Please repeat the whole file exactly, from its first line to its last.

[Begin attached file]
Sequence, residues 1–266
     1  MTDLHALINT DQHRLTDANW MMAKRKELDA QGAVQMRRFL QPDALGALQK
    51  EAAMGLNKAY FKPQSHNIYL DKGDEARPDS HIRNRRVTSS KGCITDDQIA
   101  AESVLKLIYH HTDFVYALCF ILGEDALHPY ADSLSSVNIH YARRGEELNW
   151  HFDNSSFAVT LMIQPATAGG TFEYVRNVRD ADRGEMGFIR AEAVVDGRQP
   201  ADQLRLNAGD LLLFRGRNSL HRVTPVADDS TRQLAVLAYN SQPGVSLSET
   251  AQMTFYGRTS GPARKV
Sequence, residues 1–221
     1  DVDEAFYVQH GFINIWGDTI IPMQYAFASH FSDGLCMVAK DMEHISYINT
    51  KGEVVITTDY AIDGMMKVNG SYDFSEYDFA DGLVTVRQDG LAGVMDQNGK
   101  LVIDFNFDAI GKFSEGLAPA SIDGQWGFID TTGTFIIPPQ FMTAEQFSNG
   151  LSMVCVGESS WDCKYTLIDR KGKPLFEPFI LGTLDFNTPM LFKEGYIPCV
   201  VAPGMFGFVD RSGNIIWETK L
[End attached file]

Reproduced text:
Sequence, residues 1–266
     1  MTDLHALINT DQHRLTDANW MMAKRKELDA QGAVQMRRFL QPDALGALQK
    51  EAAMGLNKAY FKPQSHNIYL DKGDEARPDS HIRNRRVTSS KGCITDDQIA
   101  AESVLKLIYH HTDFVYALCF ILGEDALHPY ADSLSSVNIH YARRGEELNW
   151  HFDNSSFAVT LMIQPATAGG TFEYVRNVRD ADRGEMGFIR AEAVVDGRQP
   201  ADQLRLNAGD LLLFRGRNSL HRVTPVADDS TRQLAVLAYN SQPGVSLSET
   251  AQMTFYGRTS GPARKV
Sequence, residues 1–221
     1  DVDEAFYVQH GFINIWGDTI IPMQYAFASH FSDGLCMVAK DMEHISYINT
    51  KGEVVITTDY AIDGMMKVNG SYDFSEYDFA DGLVTVRQDG LAGVMDQNGK
   101  LVIDFNFDAI GKFSEGLAPA SIDGQWGFID TTGTFIIPPQ FMTAEQFSNG
   151  LSMVCVGESS WDCKYTLIDR KGKPLFEPFI LGTLDFNTPM LFKEGYIPCV
   201  VAPGMFGFVD RSGNIIWETK L